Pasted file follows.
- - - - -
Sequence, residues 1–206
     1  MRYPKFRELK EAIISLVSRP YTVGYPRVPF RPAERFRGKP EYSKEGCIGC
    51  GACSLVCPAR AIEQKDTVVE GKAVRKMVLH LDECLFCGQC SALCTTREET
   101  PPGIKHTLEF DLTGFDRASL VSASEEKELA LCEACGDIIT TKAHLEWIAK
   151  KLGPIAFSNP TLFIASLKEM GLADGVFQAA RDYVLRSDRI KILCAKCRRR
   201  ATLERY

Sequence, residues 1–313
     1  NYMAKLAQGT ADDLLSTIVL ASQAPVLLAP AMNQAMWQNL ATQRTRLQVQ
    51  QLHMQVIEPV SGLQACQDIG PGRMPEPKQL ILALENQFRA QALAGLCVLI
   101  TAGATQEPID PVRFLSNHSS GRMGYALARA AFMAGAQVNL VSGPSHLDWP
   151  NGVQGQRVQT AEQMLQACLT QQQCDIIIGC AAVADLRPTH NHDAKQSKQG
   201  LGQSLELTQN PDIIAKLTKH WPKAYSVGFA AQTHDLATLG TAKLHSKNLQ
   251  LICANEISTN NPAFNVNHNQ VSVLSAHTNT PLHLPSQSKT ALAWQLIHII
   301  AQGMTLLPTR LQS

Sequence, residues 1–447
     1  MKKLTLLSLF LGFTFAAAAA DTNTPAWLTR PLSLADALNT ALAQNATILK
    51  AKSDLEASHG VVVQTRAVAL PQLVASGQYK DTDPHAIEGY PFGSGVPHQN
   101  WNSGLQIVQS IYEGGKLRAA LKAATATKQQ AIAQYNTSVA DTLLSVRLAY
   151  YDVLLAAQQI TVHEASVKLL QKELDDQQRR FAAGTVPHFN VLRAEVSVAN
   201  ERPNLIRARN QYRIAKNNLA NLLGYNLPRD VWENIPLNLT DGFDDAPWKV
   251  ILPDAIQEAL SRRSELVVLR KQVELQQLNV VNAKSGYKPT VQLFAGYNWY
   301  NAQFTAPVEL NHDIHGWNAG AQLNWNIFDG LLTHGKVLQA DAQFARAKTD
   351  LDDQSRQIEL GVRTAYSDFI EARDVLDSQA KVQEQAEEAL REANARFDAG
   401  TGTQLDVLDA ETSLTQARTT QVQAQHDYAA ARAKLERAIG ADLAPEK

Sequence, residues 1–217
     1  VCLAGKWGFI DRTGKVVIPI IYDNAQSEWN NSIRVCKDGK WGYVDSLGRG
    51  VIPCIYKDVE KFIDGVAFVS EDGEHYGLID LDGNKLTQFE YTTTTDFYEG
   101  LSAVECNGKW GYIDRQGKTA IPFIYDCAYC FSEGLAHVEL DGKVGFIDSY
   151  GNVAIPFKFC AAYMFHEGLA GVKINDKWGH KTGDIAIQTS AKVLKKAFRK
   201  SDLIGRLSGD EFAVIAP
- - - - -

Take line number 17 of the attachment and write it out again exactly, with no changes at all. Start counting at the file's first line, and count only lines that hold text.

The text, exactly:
    51  AKSDLEASHG VVVQTRAVAL PQLVASGQYK DTDPHAIEGY PFGSGVPHQN